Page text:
I avoided the finger pinch by using a guide. It was a T junction copper pipe just larger than the mandrel and wire. Once the wire gets started, it's go no other place to go than nice and snug around the mandrel. I used a hand drill to turn the mandrel with the guide held in a vice. As you turn the drill/mandrel you step away from the vice/guide where the wire goes in.

billbillt (author)2015-07-30

Love this... Got my vote...

knutknackebröd (author)2015-07-30

great ible! always nice to see armour instructables^^ one tip, use a metal rod instead of a wooden one. the wood will compress over time thus making your rings slightly smaller, not a problem for small projects but if you ever want to make a 6 in 1 hauberk or something you will notice the difference in size

Zorn Industries (author)2015-07-28

Awesome instructable, you have my vote in the metal contest.

lclaiborne (author)2015-07-28

Awesome! If you can learn how to use a jewelers saw, it's an extremely easy and efficient way to cut coils into rings. The whole coil cuts at once. It's an mazing tool though, and it's like using pencil with a little practice. The temperament that makes chain mail would love the things you can do with a jewelers saw...

TimZ2 (author)lclaiborne2015-07-28

Thanks for the great suggestion! I will definitely try using a jewelers saw.

reitaka18 (author)2015-07-28

How much does your mail shirt weigh?

TimZ2 (author)reitaka182015-07-28

The shirt weights around 17 lbs, and the helmet is just about 9 lbs.

MrTinkerer (author)2015-07-28

I love that you colored a ring for better illustration of the process. This is a great Instructable.

tomatoskins (author)2015-07-27

I love the method of coiling the wire! So simple and so effective!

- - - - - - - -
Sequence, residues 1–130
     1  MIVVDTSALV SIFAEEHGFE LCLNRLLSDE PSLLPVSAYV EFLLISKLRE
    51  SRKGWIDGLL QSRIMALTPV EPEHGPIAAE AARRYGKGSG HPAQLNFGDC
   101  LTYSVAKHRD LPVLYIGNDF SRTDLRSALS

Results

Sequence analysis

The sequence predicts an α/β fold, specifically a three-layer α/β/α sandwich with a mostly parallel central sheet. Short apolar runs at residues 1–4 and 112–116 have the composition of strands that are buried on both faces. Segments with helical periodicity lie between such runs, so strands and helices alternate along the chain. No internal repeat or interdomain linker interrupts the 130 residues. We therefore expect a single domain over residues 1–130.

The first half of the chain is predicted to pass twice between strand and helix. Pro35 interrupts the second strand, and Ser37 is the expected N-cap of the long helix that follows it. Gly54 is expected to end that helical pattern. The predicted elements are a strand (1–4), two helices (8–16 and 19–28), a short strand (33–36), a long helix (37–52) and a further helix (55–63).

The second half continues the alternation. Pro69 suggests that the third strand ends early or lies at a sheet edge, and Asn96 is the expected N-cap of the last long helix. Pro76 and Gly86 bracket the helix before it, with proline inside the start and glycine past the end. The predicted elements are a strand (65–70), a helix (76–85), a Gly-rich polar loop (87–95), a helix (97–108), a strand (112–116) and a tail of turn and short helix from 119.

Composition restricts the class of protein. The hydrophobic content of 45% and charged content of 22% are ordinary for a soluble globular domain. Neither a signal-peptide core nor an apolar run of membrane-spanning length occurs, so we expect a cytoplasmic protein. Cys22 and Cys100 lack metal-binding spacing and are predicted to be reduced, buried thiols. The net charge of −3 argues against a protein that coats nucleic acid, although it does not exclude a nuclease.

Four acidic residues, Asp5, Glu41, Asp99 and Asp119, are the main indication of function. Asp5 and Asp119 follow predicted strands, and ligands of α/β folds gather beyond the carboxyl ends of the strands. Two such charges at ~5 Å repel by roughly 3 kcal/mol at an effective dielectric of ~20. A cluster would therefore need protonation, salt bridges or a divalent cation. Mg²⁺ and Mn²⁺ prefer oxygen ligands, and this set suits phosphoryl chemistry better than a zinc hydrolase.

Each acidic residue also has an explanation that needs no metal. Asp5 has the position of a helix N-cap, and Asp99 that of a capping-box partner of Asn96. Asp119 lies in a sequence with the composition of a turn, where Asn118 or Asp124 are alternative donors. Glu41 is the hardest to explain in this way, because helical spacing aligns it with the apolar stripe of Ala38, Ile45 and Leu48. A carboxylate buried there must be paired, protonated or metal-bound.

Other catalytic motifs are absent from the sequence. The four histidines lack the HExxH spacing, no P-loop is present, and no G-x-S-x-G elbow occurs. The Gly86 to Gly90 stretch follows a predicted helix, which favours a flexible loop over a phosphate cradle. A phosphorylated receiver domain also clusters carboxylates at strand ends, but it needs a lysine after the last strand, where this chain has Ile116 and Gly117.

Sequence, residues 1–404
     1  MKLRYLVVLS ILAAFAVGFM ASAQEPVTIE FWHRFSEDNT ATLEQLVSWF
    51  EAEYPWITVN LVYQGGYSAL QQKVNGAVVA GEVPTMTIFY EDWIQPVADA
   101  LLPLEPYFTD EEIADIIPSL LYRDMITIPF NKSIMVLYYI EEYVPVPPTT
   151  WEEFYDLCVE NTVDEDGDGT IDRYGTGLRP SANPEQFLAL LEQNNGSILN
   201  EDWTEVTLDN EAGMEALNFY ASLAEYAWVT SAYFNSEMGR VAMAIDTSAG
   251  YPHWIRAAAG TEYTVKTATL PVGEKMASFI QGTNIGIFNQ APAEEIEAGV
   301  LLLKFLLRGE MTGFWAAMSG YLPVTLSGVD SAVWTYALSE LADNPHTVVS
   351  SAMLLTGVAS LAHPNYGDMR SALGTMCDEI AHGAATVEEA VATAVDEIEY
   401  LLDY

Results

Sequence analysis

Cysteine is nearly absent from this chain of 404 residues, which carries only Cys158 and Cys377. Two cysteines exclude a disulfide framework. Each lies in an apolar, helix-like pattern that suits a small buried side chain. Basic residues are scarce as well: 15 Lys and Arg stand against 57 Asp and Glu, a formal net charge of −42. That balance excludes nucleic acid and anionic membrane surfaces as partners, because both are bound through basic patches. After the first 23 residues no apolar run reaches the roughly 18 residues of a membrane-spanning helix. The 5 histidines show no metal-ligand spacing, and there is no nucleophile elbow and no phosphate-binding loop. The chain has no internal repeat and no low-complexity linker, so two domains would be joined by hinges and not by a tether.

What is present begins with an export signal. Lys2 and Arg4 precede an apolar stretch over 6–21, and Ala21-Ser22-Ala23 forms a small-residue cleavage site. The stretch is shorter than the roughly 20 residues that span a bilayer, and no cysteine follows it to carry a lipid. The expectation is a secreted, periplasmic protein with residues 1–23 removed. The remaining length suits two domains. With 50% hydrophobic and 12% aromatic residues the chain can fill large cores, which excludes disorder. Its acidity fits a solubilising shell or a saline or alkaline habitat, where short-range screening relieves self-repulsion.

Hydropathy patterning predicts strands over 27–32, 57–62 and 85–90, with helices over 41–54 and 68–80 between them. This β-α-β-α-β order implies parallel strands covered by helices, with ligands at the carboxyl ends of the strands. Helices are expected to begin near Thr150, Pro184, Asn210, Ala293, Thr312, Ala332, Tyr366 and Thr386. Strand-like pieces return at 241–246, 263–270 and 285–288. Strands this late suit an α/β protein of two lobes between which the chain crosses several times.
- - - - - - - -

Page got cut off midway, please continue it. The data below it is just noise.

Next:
jmwells (author)2015-07-27

Not being picky, the proper name for this garment is "haliburk". The spelling changes with the era and nation of origin.

Gelfling6 (author)2015-07-27

Well done! I've made chain maille for many years, and very similar tools! My most recent winding jigs, have been either a 2-1/2 foot hand-crank (for more authenticity) 5/16" Dia. mandrel in a |____|-style frame, and a 6-foot 5/16-Dia mandrel for making coils with the drill. Only thing, with the drill, ALWAYS wear leather gloves! Last thing anyone wants, is a little blood on their coils. (I've gotten fingers caught between the wire & mandrel, and it's Not fun! The leather gloves give plenty of protection, and give the wire a chance to slide, instead of cutting into the skin.) Also, use a drill that will allow speed selection.. I.E. as you start, and when you get to the end of the coil, you slow down.. The coifs I've made, are open-faced, but closed mantle. (making a square opening form just above the brow, to under the chin, then graduating the sides up so the chin doesn't flop.)

amberrayh (author)2015-07-27

Wow! This is pretty incredible. Thanks for sharing!